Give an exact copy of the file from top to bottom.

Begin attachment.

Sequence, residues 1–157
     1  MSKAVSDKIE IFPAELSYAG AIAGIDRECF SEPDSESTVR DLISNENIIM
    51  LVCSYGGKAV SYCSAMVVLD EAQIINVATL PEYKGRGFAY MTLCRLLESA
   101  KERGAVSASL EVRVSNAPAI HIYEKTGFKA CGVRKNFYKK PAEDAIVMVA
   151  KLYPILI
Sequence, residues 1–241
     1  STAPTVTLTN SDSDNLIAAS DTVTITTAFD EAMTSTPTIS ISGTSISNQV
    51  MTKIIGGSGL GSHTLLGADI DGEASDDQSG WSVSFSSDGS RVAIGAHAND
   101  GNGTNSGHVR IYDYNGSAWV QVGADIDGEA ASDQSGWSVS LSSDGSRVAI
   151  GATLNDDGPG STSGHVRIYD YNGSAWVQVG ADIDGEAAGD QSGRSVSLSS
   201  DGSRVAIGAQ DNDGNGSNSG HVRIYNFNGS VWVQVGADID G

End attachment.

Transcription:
Sequence, residues 1–157
     1  MSKAVSDKIE IFPAELSYAG AIAGIDRECF SEPDSESTVR DLISNENIIM
    51  LVCSYGGKAV SYCSAMVVLD EAQIINVATL PEYKGRGFAY MTLCRLLESA
   101  KERGAVSASL EVRVSNAPAI HIYEKTGFKA CGVRKNFYKK PAEDAIVMVA
   151  KLYPILI
Sequence, residues 1–241
     1  STAPTVTLTN SDSDNLIAAS DTVTITTAFD EAMTSTPTIS ISGTSISNQV
    51  MTKIIGGSGL GSHTLLGADI DGEASDDQSG WSVSFSSDGS RVAIGAHAND
   101  GNGTNSGHVR IYDYNGSAWV QVGADIDGEA ASDQSGWSVS LSSDGSRVAI
   151  GATLNDDGPG STSGHVRIYD YNGSAWVQVG ADIDGEAAGD QSGRSVSLSS
   201  DGSRVAIGAQ DNDGNGSNSG HVRIYNFNGS VWVQVGADID G